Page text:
THE euro strengthened to a two-month high against the US dollar yesterday, as investors’ euphoria overflowed at the ECB’s plan to purchase bonds from debtor states.
This was despite the fact that the German Bundesbank denounced the plan as the inflationary printing of billions more euros, and a deadly threat to the economy.
Central to the ECB plan were strict austerity programme conditions with Greece-style monitoring by IMF inspectors.
Despite the strict conditions, there was widespread condemnation of the plan in the German press, which accused ECB president Mario Draghi of writing a ‘blank cheque’ to troubled eurozone states, with policies to make the euro ‘kaput’.
Germany’s ruling party said that the ECB had gone beyond its mandate of safeguarding the stability of the currency and Die Welt’s headline said ‘Draghi sets off Germany’s alarm bell.’
On Thursday, the ECB stressed harsh conditions: ‘A necessary condition for Outright Monetary Transactions is strict and effective conditionality attached to an appropriate European Financial Stability Facility/European Stability Mechanism (EFSF/ESM) programme. . .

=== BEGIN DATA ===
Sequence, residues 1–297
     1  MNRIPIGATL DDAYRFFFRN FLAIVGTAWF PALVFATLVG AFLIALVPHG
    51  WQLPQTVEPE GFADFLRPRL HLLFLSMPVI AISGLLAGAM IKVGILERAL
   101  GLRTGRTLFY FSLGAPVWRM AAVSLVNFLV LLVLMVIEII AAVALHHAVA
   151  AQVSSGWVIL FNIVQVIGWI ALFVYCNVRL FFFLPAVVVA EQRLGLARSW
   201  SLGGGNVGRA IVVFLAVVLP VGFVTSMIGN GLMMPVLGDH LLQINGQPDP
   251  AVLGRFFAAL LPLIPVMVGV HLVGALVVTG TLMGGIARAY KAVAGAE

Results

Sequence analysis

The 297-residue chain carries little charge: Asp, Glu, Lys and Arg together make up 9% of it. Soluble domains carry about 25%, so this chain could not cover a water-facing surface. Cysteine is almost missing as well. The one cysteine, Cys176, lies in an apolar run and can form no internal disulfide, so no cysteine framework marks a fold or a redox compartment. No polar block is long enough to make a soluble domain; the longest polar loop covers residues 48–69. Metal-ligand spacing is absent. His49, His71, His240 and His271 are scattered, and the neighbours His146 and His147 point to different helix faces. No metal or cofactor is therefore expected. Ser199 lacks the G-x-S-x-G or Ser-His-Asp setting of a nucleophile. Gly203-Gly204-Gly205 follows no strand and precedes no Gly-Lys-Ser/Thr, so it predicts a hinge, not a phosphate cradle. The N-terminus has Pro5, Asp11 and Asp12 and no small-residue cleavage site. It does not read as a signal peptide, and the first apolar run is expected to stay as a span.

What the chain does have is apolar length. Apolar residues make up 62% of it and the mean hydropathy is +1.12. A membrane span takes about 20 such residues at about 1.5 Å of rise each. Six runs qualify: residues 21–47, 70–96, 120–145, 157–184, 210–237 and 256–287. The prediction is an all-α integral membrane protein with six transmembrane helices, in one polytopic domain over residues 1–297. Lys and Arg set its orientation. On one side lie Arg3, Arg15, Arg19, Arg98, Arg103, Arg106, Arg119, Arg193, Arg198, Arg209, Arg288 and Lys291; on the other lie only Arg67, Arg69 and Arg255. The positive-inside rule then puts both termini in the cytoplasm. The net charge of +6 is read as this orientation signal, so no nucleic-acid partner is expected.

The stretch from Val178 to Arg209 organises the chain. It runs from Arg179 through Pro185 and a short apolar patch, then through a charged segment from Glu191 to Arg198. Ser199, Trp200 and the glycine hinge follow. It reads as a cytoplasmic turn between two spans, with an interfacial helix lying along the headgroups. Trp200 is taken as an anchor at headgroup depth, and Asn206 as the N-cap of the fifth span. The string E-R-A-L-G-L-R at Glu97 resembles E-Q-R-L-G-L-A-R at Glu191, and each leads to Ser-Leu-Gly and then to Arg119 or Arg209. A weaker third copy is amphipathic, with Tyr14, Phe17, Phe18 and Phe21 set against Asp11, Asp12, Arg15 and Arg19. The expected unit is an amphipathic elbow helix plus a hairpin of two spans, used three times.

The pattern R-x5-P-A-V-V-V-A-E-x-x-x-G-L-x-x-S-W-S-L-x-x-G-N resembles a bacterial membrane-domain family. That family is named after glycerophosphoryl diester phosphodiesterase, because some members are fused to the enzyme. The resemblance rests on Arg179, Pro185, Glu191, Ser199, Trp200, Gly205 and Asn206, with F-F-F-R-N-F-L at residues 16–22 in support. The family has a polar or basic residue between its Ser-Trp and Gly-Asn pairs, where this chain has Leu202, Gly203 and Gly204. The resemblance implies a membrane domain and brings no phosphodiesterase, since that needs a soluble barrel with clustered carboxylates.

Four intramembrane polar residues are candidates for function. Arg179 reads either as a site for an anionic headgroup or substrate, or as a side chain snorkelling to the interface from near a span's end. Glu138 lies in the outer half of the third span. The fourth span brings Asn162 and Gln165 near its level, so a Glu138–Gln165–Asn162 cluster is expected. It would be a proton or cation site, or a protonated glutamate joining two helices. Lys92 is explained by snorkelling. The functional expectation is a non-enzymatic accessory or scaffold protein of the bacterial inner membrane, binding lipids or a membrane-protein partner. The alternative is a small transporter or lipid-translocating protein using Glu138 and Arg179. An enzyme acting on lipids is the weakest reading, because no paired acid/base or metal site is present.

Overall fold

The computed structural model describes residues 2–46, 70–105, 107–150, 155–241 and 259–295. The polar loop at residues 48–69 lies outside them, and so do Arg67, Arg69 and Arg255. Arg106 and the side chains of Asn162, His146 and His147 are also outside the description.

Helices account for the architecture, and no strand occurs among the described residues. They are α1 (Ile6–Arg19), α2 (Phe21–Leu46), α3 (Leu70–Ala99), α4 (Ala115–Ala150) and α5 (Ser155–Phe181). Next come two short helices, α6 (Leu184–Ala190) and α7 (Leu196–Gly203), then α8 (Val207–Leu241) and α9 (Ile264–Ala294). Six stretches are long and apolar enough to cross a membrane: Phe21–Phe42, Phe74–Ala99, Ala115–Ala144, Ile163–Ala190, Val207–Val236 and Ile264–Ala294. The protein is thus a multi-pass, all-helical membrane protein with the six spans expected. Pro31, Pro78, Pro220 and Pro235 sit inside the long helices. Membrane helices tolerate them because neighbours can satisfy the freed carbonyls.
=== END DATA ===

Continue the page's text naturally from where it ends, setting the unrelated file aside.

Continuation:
‘The involvement of the IMF shall also be sought for the design of the country-specific conditionality and the monitoring of such a programme.’
A German central bank statement on Thursday said: ‘In the most recent discussions, as before, Bundesbank President Jens Weidmann reiterated his frequently substantiated critical stance towards the purchase of government bonds by the Eurosystem.
‘He regards such purchases as being tantamount to financing governments by printing banknotes. Monetary policy risks being subjugated to fiscal policy. The intervention purchases must not be permitted to jeopardise the capability of monetary policy to safeguard price stability in the euro area.
‘If the adopted bond-purchasing programme leads to member states postponing the necessary reforms, this will further undermine confidence in the political leaders’ crisis-resolution capability.
This underscores the crucial importance of ensuring both credibility in the promised conditionality and the resolute determination to immediately terminate intervention purchases if the underlying conditionality is no longer assured.
‘The announced interventions in the government bond market carry the additional danger that the central bank may ultimately redistribute considerable risks among various countries’ taxpayers. Such risk-sharing, however, can be legitimately authorised solely by democratically elected parliaments and governments.’
Chancellor Angela Merkel declared that such measures could ‘not replace’ political activities within the currency zone.